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November 29, 2012 - 1:09pm

Surgery Through the Nose Stops Brain Fluid Leak in Tucson Mom

For more than four months, Aundrea Aragon struggled with what doctors told her were allergies. Whenever she bent over, clear liquid – which turned out to be brain fluid – streamed out her nose.
 
It took several trips to different doctors before the cause of the leaking fluid was determined. Two small cracks in the back wall of Aragon’s sphenoid sinus allowed cerebral spinal fluid (CSF) to leak.
 
Most often, surgeons repair such cracks, which are caused by cerebral pressure, through craniotomies, resulting in painful recoveries, extensive scarring and possible side effects.
 
But a team of UAsurgeons were able to fix Aragon’s leaks with an endoscopic procedure through the nose, requiring no incisions on her head and resulting in a shorter hospital stay and faster recovery.
 
Alexander G. Chiu, MD, chief of the Division of Otolaryngology, and G. Michael Lemole, MD, chief of the Division of Neurosurgery, in the UA Department of Surgery, used image-guided neuronavigation and fluorescein dye to help find the cracks. They then used tissue from inside Aragon’s nose, as well as a small piece of belly fat, to repair the cracks and stop the leak.
 
“This case is a nice example where the otolaryngology and neurosurgery team approach really helps,’’ Dr. Chiu said.
 
“Our ability to refine our technique and our synergy with one another allowed for our patient to go home sooner,’’ Dr. Lemole said.
 
Aragon was referred to Drs. Chiu and Lemole from a community otolaryngologist based on their national reputation in skull-base and minimally invasive surgery. The two pair up to perform as many as 80 sinonasal and skull-base cases a year, commonly treating tumors of the sinuses and skull base, head trauma and CSF leaks in patients from throughout Arizona and neighboring states.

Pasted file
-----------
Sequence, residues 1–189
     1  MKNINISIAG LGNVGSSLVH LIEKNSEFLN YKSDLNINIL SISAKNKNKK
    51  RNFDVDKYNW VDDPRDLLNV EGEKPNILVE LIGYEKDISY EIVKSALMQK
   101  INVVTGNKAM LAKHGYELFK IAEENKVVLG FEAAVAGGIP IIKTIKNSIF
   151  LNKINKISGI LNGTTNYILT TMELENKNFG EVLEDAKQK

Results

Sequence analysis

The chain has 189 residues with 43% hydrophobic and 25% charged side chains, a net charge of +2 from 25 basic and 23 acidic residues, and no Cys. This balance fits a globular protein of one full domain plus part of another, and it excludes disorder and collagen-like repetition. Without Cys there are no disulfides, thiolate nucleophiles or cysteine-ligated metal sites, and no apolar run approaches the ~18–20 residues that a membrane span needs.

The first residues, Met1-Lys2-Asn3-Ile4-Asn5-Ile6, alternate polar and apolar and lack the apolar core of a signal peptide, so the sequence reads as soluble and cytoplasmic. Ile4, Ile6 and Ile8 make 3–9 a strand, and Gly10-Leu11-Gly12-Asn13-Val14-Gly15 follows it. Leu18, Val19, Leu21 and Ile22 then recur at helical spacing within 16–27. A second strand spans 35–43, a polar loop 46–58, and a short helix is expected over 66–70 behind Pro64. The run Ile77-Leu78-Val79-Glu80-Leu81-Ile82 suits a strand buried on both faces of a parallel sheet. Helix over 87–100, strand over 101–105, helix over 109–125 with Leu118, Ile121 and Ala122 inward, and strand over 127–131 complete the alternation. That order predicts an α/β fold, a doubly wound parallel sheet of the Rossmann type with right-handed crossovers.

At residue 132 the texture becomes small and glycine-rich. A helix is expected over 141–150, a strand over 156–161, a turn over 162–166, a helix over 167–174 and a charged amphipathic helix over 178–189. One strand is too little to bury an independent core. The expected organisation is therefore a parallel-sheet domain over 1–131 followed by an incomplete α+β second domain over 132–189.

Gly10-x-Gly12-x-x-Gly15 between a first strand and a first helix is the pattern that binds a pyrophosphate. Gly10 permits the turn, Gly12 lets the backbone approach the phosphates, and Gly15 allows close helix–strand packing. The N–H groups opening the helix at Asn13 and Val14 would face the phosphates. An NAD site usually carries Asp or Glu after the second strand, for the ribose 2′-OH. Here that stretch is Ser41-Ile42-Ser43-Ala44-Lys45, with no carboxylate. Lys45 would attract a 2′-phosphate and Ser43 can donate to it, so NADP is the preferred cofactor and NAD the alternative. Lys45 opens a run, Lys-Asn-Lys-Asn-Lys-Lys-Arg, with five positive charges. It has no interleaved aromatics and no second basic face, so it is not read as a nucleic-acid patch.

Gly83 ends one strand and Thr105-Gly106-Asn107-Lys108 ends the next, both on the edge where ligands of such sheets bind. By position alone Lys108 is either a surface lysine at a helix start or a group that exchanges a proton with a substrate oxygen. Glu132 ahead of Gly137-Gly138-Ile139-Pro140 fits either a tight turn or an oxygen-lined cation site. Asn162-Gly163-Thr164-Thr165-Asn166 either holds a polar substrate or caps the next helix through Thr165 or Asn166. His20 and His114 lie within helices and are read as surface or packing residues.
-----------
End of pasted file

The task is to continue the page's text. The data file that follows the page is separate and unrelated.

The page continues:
“This type of interdisciplinary teamwork has resulted in UAMC becoming a referral center for the best surgical treatment options for patients with complex neurological and otolaryngological disorders,” said Rainer W.G. Gruessner, MD, chairman, UA Department of Surgery.
 
Before her diagnosis, Aragon said she was terrified she might not survive.
 
“I was scared to death and desperate,’’ Aragon said. “I knew it could not be allergies. The fluid would come out like a puddle.’’
 
Steroids and antibiotics did nothing. “I was walking around with toilet paper shoved up my nose and changing it every 10 minutes,’’ she recalled.
 
Aragon and her husband, Anthony, said they knew they were in good hands with Drs. Chiu and Lemole.
 
“They were very patient and answered all of our questions,’’ Anthony Aragon said. Both were relieved that minimally invasive surgery could be performed, accessing the cracks through Aragon’s nasal cavity.
 
They also were relieved to hear the statistics: Performed endoscopically, the procedure is successful in 95 to 99 percent of cases; it is only 60 percent successful when performed via craniotomy, Dr. Chiu said.
 
While the human body replaces brain fluid, Aragon was at risk for developing a lethal infection.
 
“If you are leaking brain fluid out your nose then you have the potential for catastrophic meningitis, the kind where bacteria crawls into your brain and 24 hours later you are essentially in a coma or dead,’’ Dr. Lemole said. “That is what we worry about in these cases.”
 
Aragon is recovering well, and is happy to be home with her husband and children – Art, 16, Marc, 10, and Reina, 9.
 
Aragon posted about the success of her Oct. 1 surgery recently on Facebook.
 
“I am so grateful to them for everything they have done for us,’’ said Aragon. “I had great care from a great staff,” she said. “I’m here, and I am grateful I can take care of my kids.”